names

The Best Stuff We've Read This Week

The Best Stuff We've Read This Week

Each week, Josh and Chuck read tons of great articles, some of them really good. Here are the best of the bunch for your enjoyment.

The Best Stuff We've Read This Week

Each week, Josh and Chuck read tons of articles - many of them pretty good. Here are the best of the bunch for you to enjoy.

Chuck delves into an opinion piece from The Daily Beast.

This Year's Phil Campbell Convention Promises to be Best, First

Old-timey businessmen loved to make outrageous proposals, usually with their thumbs tucked firmly into the lapels of their vests, and one Mel Allen, an Alabama businessman was no exception. In the 1880s, Allen figured that an area of land he controlled would make a fine late-19th-century town, if only he could divert a nearby rail line to it. So he approached the leader of a crew of railroad workers working in the area, an English engineer named Phil Campbell, with the very kind of outrageous proposal Victorian-era businessmen loved to make.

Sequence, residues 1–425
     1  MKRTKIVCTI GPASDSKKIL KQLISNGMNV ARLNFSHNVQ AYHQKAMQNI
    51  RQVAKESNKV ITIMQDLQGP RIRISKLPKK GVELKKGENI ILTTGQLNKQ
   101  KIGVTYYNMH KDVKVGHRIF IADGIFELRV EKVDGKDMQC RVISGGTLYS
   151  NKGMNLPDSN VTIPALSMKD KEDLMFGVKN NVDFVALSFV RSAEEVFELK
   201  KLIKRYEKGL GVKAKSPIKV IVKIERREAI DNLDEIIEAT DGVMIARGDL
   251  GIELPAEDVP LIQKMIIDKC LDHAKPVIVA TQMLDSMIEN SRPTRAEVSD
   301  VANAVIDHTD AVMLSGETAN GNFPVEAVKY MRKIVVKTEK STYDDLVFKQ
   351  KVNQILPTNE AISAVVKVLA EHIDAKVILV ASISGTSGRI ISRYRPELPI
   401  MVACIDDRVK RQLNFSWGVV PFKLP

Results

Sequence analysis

I've always found it interesting something so closely tied to oneself as their name is the one thing that you don't get to choose. Sure, you can change your name and create a new identity for yourself, but most of us go through life with the name our parent's gave us, for better or worse. This morning, BBC news turned me on to a recently published list of the most unfortunate names in the UK. It was compiled by The Baby Website after researchers dug into online phone listings in England. Some of the more unfortunate names included Hazel Nutt, Justin Case and Stan Still. The site also checked out some American listings and found a Bill Board and an Anna Prentice, among others. Dr. Les Plack, a San Francisco dentist, seemed destined to live up to his name.